A plant that includes a gene or genes from another organism, such as bacteria, is considered a GMO. ~ Chinese botanist Yi Li
Genome editing involves using bacterial gene segments – called CRISPR – to introduce foreign genes, or to modify existing genes.
CRISPR was adapted from the defense systems of bacteria. These bacterial CRISPR systems have been modified to edit the DNA of plants, animals, human cells, and microorganisms. ~ Yi Li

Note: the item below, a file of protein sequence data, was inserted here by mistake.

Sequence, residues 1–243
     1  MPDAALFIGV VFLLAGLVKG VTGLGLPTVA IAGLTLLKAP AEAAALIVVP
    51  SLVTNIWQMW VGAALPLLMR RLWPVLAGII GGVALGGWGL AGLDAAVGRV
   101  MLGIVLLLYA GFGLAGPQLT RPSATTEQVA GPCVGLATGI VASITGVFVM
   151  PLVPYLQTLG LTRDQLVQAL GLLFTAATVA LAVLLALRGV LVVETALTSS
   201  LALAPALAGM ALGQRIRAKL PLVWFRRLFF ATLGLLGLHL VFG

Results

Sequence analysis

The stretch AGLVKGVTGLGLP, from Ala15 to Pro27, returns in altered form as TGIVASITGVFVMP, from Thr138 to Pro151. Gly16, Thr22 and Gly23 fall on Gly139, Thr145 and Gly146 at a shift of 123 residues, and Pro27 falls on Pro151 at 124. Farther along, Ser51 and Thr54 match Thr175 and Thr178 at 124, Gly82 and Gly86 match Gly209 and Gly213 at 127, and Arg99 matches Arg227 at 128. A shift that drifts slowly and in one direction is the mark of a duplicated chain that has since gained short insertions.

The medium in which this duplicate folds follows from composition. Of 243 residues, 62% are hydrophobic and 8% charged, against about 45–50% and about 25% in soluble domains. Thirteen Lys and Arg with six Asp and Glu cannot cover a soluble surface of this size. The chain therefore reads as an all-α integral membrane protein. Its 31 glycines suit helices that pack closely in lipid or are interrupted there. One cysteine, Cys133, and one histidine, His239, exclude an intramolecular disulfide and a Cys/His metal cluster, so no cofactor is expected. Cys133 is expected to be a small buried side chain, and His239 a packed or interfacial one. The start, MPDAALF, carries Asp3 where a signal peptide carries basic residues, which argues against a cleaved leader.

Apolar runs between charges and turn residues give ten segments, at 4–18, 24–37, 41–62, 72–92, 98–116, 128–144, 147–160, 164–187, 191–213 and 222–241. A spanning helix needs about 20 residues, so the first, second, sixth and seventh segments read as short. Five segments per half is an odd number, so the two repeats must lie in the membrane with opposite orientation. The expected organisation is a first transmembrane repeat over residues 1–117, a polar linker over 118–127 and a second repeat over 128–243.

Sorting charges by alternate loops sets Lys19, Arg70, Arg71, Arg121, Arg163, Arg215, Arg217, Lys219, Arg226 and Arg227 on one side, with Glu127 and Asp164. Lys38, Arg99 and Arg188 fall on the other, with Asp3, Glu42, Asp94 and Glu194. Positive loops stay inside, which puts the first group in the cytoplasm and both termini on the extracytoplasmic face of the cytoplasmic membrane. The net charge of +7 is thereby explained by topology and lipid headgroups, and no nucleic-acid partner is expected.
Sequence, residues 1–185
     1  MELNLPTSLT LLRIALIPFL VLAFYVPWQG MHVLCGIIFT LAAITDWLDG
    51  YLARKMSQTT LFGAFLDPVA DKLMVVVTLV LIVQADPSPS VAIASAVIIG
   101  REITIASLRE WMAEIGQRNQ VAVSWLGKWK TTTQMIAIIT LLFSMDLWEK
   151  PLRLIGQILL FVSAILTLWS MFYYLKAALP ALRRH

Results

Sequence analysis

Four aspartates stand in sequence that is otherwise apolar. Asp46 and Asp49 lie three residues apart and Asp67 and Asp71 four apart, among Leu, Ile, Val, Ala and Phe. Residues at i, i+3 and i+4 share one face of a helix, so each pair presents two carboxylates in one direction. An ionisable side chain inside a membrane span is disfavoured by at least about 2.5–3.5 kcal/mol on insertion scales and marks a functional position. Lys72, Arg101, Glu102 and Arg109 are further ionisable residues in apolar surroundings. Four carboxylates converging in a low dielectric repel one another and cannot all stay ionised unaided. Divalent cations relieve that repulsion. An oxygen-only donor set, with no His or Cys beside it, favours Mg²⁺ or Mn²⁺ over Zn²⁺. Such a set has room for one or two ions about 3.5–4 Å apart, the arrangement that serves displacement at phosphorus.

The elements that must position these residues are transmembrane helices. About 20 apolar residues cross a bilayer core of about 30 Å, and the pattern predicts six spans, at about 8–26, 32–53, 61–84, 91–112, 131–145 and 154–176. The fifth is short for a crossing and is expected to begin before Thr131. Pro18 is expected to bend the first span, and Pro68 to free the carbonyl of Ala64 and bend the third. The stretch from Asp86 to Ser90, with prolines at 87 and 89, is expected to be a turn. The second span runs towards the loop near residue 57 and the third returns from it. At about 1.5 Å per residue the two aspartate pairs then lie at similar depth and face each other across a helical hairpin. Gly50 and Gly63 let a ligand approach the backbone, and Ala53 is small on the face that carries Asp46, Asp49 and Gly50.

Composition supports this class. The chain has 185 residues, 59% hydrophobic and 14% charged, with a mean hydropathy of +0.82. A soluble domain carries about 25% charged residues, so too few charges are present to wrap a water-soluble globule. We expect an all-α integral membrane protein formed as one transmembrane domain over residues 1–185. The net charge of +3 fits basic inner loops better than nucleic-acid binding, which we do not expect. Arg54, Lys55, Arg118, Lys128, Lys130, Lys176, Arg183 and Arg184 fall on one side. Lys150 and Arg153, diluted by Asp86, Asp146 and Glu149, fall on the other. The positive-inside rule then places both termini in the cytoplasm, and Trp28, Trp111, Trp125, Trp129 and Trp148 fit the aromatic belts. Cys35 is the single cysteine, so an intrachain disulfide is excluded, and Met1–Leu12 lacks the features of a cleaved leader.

Because CRISPR makes it easier to edit the genome of a targeted organism, it has become the ubiquitous technique for genetic modification.
Whereas the definition of genetic modification is straightforward, the American government decided to split imaginary hairs and declare genetically modified organisms as non-GMO. On 28 March 2018, the USDA stated that it did not consider plants modified by “genome editing” to be GMO.
USDA does not regulate or have any plans to regulate plants developed through genome editing. ~ USDA (28 March 2018)